We know that 10 percent of construction workers do not return to work after injury, and workers with a lung disease, MSD, or injury are more likely to retire on disability than workers with the same conditions in less physically demanding work.

The Aging Worker in the U.S. Construction Industry

Reducing the physical demands on all workers in construction is essential.

Construction workers, like the rest of the U.S. population, are getting older. The average age in construction was 40.4 years in 2008, 4.4 years older than in 1985 (see Figure 1). More than 40 percent of construction workers are "baby boomers," that is, they were born between 1946 and 1964. The proportion of construction workers in this age range varies from 23 percent among roofers to 54 percent among construction managers. And construction workers overall stop working at an earlier age than other workers. These demographics predict an exodus of experienced workers from the industry in the next decade. CPWR -- The Center for Construction Research and Training is evaluating ways to increase work participation as construction workers age.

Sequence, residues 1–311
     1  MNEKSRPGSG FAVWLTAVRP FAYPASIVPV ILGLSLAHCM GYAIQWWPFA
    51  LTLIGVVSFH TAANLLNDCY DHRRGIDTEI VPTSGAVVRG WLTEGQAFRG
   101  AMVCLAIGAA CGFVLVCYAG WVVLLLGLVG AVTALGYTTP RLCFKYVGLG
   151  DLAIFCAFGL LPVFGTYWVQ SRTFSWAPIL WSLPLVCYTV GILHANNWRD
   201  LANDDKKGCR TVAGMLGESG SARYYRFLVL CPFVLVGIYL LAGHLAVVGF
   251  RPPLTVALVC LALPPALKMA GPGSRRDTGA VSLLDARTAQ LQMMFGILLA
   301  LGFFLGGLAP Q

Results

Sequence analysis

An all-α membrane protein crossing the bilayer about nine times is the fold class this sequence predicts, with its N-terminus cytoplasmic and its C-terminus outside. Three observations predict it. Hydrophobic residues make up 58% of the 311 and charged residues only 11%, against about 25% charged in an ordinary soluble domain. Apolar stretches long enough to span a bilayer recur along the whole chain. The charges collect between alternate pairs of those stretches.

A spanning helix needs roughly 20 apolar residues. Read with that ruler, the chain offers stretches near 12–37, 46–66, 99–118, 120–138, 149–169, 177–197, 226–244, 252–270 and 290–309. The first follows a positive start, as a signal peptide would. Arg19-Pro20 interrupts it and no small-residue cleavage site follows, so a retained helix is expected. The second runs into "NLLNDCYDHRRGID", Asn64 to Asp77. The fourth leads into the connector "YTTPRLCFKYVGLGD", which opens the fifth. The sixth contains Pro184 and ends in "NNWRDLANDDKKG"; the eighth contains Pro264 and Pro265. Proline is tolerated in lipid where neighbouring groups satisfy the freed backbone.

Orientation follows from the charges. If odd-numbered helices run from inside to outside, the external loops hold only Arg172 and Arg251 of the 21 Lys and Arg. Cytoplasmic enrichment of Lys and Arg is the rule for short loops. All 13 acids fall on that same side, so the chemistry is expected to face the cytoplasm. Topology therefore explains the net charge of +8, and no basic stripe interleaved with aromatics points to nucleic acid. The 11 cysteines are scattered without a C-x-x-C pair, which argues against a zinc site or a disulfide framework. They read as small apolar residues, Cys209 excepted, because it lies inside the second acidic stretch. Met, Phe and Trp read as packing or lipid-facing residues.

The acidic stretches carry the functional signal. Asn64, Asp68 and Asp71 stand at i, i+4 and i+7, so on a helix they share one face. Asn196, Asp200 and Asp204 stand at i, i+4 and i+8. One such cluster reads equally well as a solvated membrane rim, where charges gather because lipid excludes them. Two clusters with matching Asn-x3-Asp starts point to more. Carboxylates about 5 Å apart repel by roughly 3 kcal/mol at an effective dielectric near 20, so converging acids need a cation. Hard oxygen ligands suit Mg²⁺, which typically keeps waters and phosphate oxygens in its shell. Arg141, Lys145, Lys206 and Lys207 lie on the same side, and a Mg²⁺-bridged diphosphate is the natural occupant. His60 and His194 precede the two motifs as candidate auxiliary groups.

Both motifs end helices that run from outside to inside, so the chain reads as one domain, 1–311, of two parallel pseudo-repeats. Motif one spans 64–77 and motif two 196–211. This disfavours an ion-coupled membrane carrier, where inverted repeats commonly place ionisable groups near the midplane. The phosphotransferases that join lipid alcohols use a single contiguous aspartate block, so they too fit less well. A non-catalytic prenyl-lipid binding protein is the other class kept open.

Demographics predict an exodus of experienced workers from the construction industry in the next decade.Figure 1 at left depicts the age of workers in the United States over time. Because of the physical demands of the work, construction workers who are employed have to be healthier than the general population, but the same physical demands cause workers with injuries or illness to leave the industry. We know that 10 percent of construction workers do not return to work after an injury, and that construction workers with a musculoskeletal disorder (MSD), lung disease, or injury are more likely to retire on disability than workers with the same conditions in less physically demanding work.

And even without an injury or an MSD, construction workers have a high risk for serious diseases down the road. Construction workers in the United States have the highest rate of smoking among all occupations, at 37.7 percent, compared to a national average of 22 percent, carrying a risk for lung cancer and chronic lung disease. Forty-three percent of U.S. construction workers are overweight, compared to 35 percent of all workers, with a risk for diabetes and heart disease. Because construction work includes a lot of material handling, awkward posture, and other physical demands, many construction workers also develop work-related MSDs, such as chronic low back pain or shoulder problems. Research shows that a worker will retire early if his work is physically demanding or his workplace has limited opportunity for job accommodation; these factors are prevalent in construction. If one looks at the increasing age of workers in this industry, the likelihood of a construction worker developing an MSD or other chronic disease, combined with the industry characteristics mentioned, one can anticipate a shortage of experienced workers in the next decade.

Addressing Major Risk Factors